Two Western Grey Kangaroos born at Brookfield Zoo have been spending time outside their mothers’ pouches exploring their outdoor habitat. The young Kangaroos, called joeys, were born on February 20 and March 13 of last year to moms Daisy, 7½, and Sheila, 11.
The 10- and 11-month-old joeys only recently began hopping around and exploring their surroundings. They spent the first several months of life tucked into their mothers’ pouches, where they nursed and grew. They will continue to nurse until they are 18 months old. Of course by then, they’ll no longer be able to fit in the pouch.
At birth, a joey is extremely underdeveloped and is about the size of a jellybean. During this early stage of development, a mother produces low-fat milk for her young, and as a joey gets older and ventures out of the pouch, the milk becomes high in fat. A truly amazing attribute of this species is that if a mother Kangaroo is nursing a newly born joey and a juvenile already out of the pouch, she has the ability to produce both low-fat milk and high-fat milk at the same time.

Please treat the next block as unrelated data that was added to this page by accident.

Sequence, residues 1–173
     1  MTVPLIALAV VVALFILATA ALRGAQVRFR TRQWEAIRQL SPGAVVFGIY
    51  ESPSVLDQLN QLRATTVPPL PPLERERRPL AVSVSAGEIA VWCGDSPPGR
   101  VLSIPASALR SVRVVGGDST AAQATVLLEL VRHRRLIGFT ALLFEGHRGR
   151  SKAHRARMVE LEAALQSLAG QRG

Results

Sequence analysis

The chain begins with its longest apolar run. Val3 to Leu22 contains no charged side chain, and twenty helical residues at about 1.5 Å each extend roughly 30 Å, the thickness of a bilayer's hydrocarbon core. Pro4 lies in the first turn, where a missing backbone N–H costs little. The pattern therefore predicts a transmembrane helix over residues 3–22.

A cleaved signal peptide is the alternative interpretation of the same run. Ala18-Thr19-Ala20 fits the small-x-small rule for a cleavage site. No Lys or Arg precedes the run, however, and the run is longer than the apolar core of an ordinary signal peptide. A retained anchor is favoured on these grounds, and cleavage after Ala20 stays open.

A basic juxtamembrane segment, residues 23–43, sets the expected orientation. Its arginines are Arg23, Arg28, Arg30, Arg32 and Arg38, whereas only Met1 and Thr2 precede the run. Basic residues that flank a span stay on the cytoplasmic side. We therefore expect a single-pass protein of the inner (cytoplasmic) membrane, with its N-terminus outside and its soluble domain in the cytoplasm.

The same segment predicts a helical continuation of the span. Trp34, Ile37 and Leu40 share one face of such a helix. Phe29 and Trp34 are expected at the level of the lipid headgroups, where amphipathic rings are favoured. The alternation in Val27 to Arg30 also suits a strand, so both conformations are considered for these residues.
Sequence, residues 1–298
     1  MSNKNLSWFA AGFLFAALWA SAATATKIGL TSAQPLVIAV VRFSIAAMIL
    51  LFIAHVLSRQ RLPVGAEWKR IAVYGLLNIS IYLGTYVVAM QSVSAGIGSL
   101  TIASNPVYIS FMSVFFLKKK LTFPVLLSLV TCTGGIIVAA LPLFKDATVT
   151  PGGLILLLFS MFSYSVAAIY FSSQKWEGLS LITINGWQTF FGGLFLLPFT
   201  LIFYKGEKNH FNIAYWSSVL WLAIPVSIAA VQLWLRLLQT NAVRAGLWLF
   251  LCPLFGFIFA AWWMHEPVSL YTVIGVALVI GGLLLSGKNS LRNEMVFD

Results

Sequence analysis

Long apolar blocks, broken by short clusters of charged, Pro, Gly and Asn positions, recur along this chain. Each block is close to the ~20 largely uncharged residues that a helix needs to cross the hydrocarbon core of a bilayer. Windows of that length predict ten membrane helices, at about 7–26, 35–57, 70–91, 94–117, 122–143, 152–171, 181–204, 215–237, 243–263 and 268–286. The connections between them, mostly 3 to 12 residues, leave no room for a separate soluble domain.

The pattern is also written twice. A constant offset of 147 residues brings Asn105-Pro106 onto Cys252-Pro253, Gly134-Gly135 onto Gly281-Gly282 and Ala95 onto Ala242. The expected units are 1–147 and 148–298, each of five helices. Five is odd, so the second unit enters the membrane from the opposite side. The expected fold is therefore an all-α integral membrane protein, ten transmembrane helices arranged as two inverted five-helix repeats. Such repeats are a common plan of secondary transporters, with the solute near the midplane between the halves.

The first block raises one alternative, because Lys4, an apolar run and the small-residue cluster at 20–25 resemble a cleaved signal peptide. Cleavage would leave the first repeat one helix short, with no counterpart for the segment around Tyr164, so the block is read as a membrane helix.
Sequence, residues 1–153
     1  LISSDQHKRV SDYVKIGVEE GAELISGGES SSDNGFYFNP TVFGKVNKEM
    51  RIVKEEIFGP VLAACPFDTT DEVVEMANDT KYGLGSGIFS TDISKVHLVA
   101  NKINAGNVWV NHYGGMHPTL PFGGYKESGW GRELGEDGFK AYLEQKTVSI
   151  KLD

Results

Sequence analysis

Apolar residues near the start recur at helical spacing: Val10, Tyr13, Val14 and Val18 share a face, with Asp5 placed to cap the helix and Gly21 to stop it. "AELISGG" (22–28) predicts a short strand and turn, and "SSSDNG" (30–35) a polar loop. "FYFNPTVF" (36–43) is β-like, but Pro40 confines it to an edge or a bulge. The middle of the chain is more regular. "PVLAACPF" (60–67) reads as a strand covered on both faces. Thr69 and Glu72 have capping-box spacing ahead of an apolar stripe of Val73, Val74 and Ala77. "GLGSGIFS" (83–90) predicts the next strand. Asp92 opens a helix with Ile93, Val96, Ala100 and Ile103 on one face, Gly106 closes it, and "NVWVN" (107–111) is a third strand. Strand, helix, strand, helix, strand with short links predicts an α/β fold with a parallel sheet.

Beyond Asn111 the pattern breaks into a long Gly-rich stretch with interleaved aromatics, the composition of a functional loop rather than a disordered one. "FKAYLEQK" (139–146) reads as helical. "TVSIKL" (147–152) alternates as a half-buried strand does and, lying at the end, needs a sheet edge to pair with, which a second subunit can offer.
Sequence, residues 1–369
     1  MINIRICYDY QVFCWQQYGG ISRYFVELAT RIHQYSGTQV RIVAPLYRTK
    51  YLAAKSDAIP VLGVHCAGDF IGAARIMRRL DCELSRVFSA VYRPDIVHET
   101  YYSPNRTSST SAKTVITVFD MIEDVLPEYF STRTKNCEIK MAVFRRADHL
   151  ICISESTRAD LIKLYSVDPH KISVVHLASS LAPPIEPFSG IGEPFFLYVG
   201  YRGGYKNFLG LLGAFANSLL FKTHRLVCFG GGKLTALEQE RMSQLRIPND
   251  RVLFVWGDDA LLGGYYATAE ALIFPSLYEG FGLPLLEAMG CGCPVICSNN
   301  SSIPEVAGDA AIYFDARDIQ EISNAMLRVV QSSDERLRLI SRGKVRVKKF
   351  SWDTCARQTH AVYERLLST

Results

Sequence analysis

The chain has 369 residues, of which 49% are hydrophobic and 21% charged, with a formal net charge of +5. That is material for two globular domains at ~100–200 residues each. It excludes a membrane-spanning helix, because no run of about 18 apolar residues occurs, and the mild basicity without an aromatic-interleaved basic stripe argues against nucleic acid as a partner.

Western Grey Kangaroos are one of 60 species of Kangaroos and Wallabies, all of which are native to Australia.